The world is going electronic. No big news there. We are getting more and more info digitally; newspapers, bank statements and credit card bills, books. In the tax world, we’ve seen electronic return filing and direct deposits become the norm not the exception. Pay stubs and W-2s are delivered electronically. One thing which has stayed the same is the necessity to maintain proper tax records.
While we all need to have good records, too many taxpayers have not changed their thinking, and saving, to account for electronic records. Someone who saved every paper pay stub now doesn’t even look at the electronic pay record in their online employment account until there’s a problem.
An example. The company Jane works for stops giving out pay stubs to employees. She can go online to view her pay statement if she wants. Then the company closes with little notice. By February of the following year, Jane hasn’t received her W-2 and can’t get ahold of anyone from the company. She is still required to file a tax return with that income and in previous years she could have used her saved pay stubs to get the info she needs for Form 4852- Substitute W-2. But she didn’t get pay stubs from the company and she didn’t print or electronically save the statements from online. She could go back and use the online account if she can get in. But if the company has pulled that info, she’ll have to find out another way to get that info.
- Banks stopped returning canceled checks on most accounts years ago but now the little copies that were part of statements are being cut on many accounts.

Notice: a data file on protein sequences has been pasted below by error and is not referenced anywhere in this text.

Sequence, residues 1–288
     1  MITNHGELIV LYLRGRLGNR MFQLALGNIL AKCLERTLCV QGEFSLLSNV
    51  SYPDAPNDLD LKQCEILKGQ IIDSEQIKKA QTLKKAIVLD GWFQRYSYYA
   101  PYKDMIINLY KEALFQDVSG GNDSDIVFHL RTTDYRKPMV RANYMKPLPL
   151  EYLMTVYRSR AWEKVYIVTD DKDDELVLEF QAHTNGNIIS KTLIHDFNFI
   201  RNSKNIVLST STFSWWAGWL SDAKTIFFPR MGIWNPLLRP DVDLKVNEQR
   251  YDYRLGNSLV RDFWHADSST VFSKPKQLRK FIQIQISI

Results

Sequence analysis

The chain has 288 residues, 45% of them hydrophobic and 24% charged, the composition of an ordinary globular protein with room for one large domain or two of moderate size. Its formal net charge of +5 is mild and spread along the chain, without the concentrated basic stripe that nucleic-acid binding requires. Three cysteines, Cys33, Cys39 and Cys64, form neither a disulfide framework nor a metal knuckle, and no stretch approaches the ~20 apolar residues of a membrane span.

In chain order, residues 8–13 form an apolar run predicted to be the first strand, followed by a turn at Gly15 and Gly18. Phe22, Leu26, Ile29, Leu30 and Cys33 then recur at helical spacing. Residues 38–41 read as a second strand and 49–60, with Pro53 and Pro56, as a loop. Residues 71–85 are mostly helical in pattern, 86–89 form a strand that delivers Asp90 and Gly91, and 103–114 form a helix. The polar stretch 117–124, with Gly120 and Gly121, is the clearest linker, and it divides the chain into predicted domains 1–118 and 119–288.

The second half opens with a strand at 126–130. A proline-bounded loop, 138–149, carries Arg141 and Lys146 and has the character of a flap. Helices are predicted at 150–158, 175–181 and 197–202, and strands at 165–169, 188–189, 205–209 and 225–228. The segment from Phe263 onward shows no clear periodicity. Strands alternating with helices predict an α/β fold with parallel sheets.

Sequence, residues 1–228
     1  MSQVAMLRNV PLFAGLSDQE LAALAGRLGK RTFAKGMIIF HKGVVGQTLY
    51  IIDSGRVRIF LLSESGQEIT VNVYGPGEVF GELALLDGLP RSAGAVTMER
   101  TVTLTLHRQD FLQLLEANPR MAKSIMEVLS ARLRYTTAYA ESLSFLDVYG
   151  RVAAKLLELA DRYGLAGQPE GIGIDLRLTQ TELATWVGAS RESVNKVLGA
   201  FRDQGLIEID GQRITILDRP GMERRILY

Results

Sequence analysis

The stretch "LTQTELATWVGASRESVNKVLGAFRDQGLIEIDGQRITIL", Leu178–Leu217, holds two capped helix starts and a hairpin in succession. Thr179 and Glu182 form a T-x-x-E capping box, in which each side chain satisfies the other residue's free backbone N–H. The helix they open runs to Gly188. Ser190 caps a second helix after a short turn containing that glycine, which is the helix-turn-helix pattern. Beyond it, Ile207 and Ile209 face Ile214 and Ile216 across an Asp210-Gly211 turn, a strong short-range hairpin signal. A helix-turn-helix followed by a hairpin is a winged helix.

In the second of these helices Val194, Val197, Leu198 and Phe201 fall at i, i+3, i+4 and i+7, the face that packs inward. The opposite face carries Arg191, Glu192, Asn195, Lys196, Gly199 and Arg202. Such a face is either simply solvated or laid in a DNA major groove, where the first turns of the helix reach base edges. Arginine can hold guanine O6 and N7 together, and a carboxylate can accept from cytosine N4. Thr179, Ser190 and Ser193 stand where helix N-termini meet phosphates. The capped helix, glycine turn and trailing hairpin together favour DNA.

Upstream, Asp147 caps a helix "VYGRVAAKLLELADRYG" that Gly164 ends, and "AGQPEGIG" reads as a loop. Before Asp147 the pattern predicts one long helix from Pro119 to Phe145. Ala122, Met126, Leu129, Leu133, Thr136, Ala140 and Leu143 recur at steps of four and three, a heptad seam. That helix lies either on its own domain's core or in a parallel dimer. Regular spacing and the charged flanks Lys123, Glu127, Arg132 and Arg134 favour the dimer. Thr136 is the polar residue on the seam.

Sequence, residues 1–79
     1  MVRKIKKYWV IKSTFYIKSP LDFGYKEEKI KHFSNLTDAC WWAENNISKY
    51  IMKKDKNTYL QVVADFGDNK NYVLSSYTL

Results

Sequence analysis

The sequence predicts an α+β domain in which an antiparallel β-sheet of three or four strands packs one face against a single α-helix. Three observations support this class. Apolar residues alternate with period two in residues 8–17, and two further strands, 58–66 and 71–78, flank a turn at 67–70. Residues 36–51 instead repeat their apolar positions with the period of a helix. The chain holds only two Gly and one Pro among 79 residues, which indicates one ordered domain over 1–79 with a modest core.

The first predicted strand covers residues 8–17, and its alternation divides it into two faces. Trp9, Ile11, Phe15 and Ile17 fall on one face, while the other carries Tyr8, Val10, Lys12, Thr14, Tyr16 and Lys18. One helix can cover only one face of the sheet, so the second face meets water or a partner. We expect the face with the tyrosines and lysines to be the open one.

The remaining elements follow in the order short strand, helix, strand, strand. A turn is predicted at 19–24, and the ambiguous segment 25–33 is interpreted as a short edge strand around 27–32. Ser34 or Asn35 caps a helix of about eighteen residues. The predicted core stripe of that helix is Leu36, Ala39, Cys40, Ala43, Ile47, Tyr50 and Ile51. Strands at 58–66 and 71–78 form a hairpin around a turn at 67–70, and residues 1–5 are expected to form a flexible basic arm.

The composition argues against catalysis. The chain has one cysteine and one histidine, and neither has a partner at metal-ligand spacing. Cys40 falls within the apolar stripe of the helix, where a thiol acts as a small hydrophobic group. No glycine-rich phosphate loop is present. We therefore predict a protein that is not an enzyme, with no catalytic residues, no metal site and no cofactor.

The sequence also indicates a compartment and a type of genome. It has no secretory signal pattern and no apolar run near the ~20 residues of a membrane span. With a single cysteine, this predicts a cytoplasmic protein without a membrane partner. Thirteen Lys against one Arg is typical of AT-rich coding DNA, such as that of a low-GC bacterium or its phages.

- We’re ordering more online but don’t think of saving a copy of the invoice we get as confirmation by email.
- Everyone seems to be pushing electronic bills and statements instead of paper ones.
It used to be that part of doing their taxes for many clients was sorting through the pile of paper they had collected through the year to document their deductions. The electronic world has cut the amount of paper but not the need for the documentation. Taxpayers need to create systems to deal with this change.
My suggestion is to phase in to the new record keeping. Start with a system to save the records you receive electronically. Download and save your electronic pay statement to your computer every payday. Save a copy of the invoice anytime you order online. The same goes for all credit card and bank statements that aren’t paper. Once you have a system started, you can start duplicating the paper documents. A home scanner can be inexpensive and a lifesaver.
Once you’ve created a tax documentation system that works for you, don’t forget to back it up and to safely get rid of the paper documents. Electronic files need to back up regularly and there should be a copy offsite for extra security. It can be as simple as a backup on a USB drive that goes on your car key chain. Once you’re scanned your financial documents, shred or burn the originals so that someone dumpster diving doesn’t get info they need to steal you identity.
If the IRS questions the documentation for your tax return, you have the burden of proof. Blaming the bank for not giving you your cancelled checks or even the little copies won’t change the need for documentation. The best thing to do is start an electronic system now to keep the records you need should the IRS come calling.